Analyzing Abortion Essay

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Analyzing Abortion In 1973, Roe versus Wade instigated an ongoing debate in the United States concerning the implementation of abortion (Rubin 1). Prior to Roe, abortion was illegal, however it was practiced. In 1846, a few blocks south of Manhattan’s Greenwich Village, Madame Restell performed illegal abortions to “cure” female irregularities, or pregnancies (Rubin 1). After Restell, a group called “Jane”, also known as the Abortion Counseling Service of the Chicago Women’s Liberation Union, performed more than 11,000 illegal abortions from 1969-73 in Chicago alone (Horst 1). Though the Court decision lawfully settled the argument, the abortion issue developed further creating a substantial amount of turmoil between the opposing …show more content…
As of 1997, 49 countries, including many industrialized European countries, have abortion legislations similar to the United States (Henshaw et al. 58).

The abortion debate is controversial because it predominantly centers on society’s religious and moral beliefs. Religion is the leading variable of individuals opposing legalized abortion in the United States (Kelley). Furthermore, Kristin Luker believes that the moral positions of activists on both sides of the abortion issue reflect their individual worldviews on sexuality, family life, technology and the importance of the individual; however, the pro-choice and pro-life movements are not effective in changing people’s moral beliefs on abortion (Luker). The key issue our candidate must address is the federal government’s participation in funding state sponsored sex education programs and greater coverage of abortion costs.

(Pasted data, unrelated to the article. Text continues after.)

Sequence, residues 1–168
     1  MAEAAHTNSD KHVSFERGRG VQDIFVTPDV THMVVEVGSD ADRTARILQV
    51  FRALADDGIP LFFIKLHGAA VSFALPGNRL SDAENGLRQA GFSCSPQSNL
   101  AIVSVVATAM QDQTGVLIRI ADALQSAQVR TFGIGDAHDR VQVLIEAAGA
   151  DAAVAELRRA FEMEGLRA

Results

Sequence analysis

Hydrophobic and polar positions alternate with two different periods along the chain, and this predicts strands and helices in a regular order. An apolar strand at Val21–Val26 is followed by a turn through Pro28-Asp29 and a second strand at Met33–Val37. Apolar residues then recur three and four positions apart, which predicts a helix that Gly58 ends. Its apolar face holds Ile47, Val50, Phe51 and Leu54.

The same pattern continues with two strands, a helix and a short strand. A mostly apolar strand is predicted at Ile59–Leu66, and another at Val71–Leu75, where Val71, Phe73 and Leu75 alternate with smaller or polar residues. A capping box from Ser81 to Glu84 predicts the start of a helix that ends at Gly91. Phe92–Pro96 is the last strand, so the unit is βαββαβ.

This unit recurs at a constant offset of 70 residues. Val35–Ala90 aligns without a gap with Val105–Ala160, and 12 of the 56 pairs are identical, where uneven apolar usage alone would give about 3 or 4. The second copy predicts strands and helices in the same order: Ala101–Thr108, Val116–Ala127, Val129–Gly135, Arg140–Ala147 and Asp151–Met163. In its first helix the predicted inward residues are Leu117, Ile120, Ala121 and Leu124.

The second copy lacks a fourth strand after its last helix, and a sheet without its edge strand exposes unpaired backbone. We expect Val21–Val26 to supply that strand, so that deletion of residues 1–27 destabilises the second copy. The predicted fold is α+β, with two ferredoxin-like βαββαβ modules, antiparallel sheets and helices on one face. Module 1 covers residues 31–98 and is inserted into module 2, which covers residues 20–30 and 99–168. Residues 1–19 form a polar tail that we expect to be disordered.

The public’s stance on abortion has remained relatively stable since the Roe decision. Fifty six percent of the general public feels that abortion should be legal in certain circumstances such as rape, incest or health complications. Overall, pro-life advocates’ views on abortion tend to be congruent across the board. Ninety eight percent of abortion opponents feel it is morally wrong in all circumstances (Scott). However, the pro-choice movement is more fragmented in its opinions. Twenty-seven percent of pro-choice people support abortion even though they believe it is morally

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